Tempo, excitement and heroes – the spectacular chariot races were a popular attraction in ancient Rome. At the Roman Festival you can experience for yourselves how the ancient charioteers felt. Your family will be a team, competing against another family. Who pulls, who steers? Good teamwork decides victory or defeat.
The biggest ancient racetrack – the Circus Maximus – stood in Rome. It had an audience capacity of 250 000 and up to 24 exciting races a day. A race consisted of seven laps. It was dangerous – the charioteer had to steer expertly in the curves, so as not to be thrown off the track. And bodily attacks by opponents were the order of the day.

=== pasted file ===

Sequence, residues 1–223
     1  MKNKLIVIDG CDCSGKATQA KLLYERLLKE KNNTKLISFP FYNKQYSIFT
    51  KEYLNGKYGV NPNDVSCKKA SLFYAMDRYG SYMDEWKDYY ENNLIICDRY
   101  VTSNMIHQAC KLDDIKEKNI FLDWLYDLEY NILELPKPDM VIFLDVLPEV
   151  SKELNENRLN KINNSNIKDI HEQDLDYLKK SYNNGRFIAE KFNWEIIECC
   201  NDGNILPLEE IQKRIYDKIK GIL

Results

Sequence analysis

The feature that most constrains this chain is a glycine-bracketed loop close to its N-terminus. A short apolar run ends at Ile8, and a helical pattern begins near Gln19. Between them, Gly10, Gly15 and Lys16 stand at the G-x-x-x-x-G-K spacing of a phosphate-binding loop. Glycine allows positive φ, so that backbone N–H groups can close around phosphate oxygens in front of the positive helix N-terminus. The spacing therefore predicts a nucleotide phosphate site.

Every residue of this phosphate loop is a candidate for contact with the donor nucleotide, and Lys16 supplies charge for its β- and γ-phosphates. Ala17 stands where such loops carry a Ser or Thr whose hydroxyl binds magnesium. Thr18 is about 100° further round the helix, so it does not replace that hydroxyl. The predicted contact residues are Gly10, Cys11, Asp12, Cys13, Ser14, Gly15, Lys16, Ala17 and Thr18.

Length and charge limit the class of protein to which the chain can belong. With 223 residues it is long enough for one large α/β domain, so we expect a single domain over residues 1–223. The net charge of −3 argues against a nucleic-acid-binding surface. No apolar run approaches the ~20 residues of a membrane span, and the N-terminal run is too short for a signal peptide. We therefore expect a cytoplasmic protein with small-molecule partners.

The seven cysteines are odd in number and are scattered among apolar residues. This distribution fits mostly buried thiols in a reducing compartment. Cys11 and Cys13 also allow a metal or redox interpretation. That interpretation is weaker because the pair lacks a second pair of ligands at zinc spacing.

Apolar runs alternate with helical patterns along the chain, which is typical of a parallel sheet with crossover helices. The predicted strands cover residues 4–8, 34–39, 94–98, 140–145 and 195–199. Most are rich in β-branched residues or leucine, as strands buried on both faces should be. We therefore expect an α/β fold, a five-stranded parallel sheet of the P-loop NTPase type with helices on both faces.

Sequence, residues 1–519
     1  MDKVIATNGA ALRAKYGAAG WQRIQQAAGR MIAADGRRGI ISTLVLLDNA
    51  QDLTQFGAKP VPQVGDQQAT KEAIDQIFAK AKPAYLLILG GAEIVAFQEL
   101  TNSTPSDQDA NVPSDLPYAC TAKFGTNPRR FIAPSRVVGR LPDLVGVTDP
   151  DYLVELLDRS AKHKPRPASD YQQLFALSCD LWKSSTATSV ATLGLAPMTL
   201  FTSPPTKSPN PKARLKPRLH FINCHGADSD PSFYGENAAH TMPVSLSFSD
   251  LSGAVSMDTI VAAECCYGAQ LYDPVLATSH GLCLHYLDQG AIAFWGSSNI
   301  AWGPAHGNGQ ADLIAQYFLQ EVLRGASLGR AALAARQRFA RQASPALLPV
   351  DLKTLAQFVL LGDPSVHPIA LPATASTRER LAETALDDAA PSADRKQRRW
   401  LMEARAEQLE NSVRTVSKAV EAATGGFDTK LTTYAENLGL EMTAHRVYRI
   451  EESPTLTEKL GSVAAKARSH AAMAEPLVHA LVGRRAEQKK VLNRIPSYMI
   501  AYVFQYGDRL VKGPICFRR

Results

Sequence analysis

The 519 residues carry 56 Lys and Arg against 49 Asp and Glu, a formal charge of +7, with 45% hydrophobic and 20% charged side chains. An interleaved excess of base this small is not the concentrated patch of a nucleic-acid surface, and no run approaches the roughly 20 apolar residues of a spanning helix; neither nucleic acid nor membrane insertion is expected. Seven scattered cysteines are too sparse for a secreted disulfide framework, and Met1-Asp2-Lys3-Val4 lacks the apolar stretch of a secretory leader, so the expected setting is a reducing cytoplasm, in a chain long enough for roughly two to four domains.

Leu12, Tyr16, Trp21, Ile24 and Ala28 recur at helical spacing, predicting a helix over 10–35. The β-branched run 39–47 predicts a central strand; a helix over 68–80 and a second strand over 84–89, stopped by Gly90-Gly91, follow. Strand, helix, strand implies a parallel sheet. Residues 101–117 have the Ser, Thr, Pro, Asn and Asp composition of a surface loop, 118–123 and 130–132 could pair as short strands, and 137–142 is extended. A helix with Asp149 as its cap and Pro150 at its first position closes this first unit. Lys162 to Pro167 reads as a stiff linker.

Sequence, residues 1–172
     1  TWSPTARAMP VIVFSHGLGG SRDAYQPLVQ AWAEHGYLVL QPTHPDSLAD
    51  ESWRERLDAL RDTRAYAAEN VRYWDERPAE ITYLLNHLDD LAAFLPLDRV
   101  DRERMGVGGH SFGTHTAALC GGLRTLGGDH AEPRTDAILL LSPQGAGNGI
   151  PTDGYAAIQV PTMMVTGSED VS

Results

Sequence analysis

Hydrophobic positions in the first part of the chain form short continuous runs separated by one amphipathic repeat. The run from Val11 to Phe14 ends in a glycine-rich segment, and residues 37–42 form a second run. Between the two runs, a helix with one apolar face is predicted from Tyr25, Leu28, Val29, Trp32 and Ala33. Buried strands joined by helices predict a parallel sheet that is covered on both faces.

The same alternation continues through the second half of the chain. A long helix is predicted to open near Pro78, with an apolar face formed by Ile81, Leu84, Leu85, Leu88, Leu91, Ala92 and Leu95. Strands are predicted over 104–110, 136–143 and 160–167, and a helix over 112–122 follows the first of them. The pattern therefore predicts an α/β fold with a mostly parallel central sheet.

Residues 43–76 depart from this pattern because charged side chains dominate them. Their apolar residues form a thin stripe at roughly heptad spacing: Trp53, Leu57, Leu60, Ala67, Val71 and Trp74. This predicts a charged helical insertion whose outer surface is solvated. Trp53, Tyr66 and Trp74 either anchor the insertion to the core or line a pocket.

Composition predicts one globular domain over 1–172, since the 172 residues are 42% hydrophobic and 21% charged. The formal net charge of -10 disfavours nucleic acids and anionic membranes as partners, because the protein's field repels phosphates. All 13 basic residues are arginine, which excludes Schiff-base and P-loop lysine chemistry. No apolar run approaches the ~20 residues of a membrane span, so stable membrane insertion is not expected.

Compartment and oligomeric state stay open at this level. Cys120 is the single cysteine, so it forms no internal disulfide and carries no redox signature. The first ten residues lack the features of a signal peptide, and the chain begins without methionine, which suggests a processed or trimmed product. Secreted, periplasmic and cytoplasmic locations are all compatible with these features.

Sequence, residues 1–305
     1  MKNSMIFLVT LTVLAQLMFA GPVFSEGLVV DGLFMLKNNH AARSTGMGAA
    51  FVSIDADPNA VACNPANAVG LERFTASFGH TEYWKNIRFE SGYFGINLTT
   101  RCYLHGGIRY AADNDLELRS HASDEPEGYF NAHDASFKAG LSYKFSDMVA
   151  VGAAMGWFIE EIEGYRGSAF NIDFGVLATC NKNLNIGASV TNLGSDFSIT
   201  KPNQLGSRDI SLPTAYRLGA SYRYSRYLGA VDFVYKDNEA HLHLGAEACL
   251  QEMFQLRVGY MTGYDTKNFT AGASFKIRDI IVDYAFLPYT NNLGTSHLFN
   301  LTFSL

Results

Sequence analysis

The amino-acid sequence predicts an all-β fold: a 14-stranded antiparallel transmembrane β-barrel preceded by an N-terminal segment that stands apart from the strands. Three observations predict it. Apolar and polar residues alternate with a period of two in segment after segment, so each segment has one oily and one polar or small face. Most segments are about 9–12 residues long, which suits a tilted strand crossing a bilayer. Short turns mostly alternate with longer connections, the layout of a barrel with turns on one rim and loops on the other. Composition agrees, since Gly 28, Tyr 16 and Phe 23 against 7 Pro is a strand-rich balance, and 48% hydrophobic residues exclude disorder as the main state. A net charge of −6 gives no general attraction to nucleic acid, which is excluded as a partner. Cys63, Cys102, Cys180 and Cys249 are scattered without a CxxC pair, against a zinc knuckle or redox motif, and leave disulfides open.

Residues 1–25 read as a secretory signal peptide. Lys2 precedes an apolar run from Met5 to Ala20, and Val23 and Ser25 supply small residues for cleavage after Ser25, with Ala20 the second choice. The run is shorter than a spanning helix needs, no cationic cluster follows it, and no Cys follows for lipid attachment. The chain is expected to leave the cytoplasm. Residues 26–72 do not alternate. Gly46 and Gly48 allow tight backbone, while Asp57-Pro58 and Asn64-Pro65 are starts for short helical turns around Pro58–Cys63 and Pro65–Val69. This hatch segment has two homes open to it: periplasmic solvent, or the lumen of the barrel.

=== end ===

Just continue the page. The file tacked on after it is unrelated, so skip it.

In the ancient world it became the custom – as in Formula One today – that victory was as important for the owners as for the drivers. The horses, chariots and charioteers were very expensive. Only the rich could afford to keep a racing stable. The chariot races became sporting events and political propaganda all rolled into one.